Good Reads for January, 2016

Another year, another month, another Good Reads. In case you’re new, every month, we’ll be sharing the best, if slightly longer, reads about the wonderful world of Apple. Sometimes there will be think pieces on why Apple’s design has strayed from the path, or why Tim Cook is the worst CEO since Steve Jobs, but the only thing we know for sure is that they’ll always bring a kind of discussion to the table that we don’t generally see in the daily news. Bring your own Instapaper account or read-it-later service of choice, because this is Good Reads.

  • With Apple’s financials being released earlier this week, it’s time for some in-depth analysis on where Apple is going with all that cash. With close to two thirds of Apple’s revenue coming from the iPhone, Neil Cybart of Above Avalon writes that Apple is currently the iPhone company, but given that Apple themselves have predicted iPhone sales falling off next quarter, what’s next?

[…] there are clues that Apple not only has little interest in that strategy, but has already been thinking of new products in an effort to move beyond the iPhone. Management is aware that iPhone growth will not continue indefinitely and that at a certain point Apple’s resources will be better spent coming up with new products that can do an even better job at making technology more personal.

  • F.lux has been in the spotlight recently, but for all the wrong reasons. Their attempts to bring F.lux to iOS devices through some Xcode side-loading failed when Apple told them it was a violation of the Developer Program Agreement in November last year. Then just two short months later, Apple announces it’s bringing it’s own version of F.lux, called Night Shift, to iOS 9.3. It’s one of the more blatant Sherlock-ings we’ve seen recently, and the story of the light-shifting app is fascinating.

Developing f.lux, it turned out, was more complex than either Lorna or Michael initially thought. And in the seven years since they started working on the app full time, Michael and Lorna have realized what they’re really on is a mission to change the way that we sleep.

  • With the privacy debate heating up overseas and in our own backyard, thanks to the government’s decision to implement mandatory metadata retention, we start wondering why Apple is one of the only companies that’s defending encryption. Tidbits’ Rich Mogull has a decidedly US-centric take on Apple’s position, but his points are applicable regardless of where you live and what your government is (or says it isn’t) doing.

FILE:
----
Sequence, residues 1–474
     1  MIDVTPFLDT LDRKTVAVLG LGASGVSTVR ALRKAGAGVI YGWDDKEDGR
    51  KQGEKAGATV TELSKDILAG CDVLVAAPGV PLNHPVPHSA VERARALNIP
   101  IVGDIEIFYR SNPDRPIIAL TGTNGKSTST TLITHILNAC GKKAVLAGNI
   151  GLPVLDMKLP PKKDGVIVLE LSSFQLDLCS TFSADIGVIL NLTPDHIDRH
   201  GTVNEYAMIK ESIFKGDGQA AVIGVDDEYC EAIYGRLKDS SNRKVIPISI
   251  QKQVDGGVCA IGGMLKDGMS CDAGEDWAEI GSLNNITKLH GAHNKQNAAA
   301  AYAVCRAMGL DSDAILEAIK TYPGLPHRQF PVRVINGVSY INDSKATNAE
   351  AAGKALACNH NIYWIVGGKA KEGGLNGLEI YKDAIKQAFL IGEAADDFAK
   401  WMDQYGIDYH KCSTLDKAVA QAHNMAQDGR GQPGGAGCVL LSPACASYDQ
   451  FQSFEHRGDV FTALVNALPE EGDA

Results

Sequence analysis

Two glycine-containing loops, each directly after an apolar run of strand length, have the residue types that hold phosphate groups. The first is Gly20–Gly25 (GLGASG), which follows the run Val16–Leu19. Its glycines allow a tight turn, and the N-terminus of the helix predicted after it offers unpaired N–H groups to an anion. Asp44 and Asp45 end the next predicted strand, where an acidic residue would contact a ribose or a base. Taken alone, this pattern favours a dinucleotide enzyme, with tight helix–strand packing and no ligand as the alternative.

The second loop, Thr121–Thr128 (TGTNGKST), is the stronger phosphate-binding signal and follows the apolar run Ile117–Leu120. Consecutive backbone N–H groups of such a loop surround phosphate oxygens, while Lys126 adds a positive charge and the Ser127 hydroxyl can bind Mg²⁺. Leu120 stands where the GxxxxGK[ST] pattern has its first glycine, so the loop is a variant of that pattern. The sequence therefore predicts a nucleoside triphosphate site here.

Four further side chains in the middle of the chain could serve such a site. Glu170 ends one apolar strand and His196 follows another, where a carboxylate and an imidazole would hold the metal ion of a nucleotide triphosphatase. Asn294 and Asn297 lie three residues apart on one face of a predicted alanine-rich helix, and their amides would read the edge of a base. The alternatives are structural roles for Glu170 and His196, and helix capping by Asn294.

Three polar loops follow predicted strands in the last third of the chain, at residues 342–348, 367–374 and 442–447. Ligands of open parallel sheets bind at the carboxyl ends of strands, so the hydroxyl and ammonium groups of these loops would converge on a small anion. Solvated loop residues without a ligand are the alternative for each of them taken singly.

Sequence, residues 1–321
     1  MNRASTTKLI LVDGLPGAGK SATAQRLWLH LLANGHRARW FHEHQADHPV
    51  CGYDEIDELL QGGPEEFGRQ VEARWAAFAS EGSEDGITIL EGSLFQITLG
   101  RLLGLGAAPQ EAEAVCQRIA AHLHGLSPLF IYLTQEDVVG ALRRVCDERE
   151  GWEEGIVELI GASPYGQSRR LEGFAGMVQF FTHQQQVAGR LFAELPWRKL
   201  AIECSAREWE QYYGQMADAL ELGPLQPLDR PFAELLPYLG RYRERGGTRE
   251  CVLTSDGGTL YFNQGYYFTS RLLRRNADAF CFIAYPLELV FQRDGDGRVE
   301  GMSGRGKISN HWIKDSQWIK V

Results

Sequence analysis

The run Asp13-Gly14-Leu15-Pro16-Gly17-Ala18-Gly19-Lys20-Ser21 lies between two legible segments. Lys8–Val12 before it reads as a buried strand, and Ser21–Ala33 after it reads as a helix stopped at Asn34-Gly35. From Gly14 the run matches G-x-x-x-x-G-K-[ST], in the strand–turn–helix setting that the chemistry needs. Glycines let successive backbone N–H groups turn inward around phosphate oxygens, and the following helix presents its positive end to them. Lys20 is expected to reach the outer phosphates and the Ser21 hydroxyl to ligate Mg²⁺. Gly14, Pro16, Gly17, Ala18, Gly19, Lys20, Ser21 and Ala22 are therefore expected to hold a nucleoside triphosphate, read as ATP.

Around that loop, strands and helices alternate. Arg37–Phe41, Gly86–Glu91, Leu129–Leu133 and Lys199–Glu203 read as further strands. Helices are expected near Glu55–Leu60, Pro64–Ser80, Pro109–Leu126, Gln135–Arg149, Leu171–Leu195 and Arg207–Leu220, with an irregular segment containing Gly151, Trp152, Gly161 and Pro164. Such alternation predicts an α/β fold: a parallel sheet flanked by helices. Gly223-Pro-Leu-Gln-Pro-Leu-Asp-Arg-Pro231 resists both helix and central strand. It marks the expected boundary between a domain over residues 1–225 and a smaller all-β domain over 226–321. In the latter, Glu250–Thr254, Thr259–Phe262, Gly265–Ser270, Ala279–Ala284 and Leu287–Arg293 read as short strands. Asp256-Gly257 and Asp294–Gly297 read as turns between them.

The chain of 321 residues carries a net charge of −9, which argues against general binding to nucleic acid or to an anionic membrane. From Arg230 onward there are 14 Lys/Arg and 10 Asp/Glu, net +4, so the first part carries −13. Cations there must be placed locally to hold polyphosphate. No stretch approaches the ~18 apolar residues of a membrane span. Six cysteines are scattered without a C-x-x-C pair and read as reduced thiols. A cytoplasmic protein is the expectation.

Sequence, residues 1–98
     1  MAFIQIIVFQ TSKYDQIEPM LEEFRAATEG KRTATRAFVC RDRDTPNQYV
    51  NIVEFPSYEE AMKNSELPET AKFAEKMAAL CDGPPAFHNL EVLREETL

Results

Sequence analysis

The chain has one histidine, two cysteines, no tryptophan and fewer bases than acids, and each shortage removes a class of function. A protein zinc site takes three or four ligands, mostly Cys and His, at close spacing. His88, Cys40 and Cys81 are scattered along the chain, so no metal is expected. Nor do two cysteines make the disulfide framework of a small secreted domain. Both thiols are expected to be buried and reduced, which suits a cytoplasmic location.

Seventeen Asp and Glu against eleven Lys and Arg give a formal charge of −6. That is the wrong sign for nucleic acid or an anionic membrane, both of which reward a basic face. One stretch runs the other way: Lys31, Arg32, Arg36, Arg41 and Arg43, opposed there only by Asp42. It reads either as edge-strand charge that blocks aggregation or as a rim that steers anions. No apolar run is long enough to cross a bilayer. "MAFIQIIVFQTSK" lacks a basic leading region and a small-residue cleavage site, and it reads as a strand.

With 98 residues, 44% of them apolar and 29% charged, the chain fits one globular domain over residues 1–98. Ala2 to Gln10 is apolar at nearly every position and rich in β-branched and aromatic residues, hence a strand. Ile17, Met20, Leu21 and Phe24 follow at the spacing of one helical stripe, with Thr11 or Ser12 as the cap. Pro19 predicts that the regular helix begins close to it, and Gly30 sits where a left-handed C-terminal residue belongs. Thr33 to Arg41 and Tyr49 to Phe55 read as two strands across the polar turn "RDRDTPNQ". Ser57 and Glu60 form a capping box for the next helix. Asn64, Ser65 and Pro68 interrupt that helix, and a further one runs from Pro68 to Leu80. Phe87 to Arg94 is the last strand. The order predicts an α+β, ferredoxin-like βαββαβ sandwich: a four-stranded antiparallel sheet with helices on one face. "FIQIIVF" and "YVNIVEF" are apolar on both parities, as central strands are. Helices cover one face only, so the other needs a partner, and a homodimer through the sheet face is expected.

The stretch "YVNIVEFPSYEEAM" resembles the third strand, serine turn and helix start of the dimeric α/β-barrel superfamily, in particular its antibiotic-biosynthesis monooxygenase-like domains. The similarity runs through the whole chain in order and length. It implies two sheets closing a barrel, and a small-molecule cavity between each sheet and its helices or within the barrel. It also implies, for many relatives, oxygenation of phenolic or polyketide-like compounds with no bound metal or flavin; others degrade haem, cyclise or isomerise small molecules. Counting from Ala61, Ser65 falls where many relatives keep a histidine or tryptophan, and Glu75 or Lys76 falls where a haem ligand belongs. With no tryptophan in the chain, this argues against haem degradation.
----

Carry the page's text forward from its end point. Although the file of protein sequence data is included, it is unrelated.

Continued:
Apple is nearly unique among technology firms in that it’s high profile, has revenue lines that don’t rely on compromising privacy, and sells products that are squarely in the crosshairs of the encryption debate. Because of this, everything Apple says about encryption comes from a highly defensible position, especially now that the company is dropping its iAd App Network.

  • The entire team behind legendary virtualisation products VMware Workstation, Fusion, and Hosted UI was laid off this week, which means WMware Fusion on the Mac probably isn’t going to be around for much longer. A tribute to the team that worked on one of the best names in Mac virtualisation space, written by a former VMware staffer, tells us about a team that built two similar, but different products.

Fusion was a very different product in some ways than Workstation, but it was also very closely related. While it didn’t focus on many of the power user features that Workstation offered, it did take many of those features and reimagine them for more casual users. It also shared much of the core code that Workstation used, meaning that features could more easily be ported across and bugs fixed just once.

  • Complaining about Apple is nothing new. But lately, it feels as people are just jumping on the bandwagon without considering what it’s like to be Apple right now. Software quality used to be Apple’s forte, back when they didn’t have millions of people using their devices in millions of configurations, and now that there are a billion active iOS devices out in the wild, issues are bound to crop up that can’t be anticipated or tested against. Keeping up with Tim Cook’s Apple is a near-impossible feat, but the ones you should be feeling sorry for are developers.

In barely three years, design consideration for iOS has gone from two sizes to twelve. When accounting for orientation, twenty-four distinct layouts are required. Twenty-four to account for devices which support iOS 9. Madness.
Consider technologies like CloudKit, HomeKit, and CarPlay in addition to nearly continuous updates and improvements to familiar frameworks. Earlier this month, Apple announced an iOS 9.3 public preview. The updates are non-stop. Gone are the days when WWDC contained all the new shiny.

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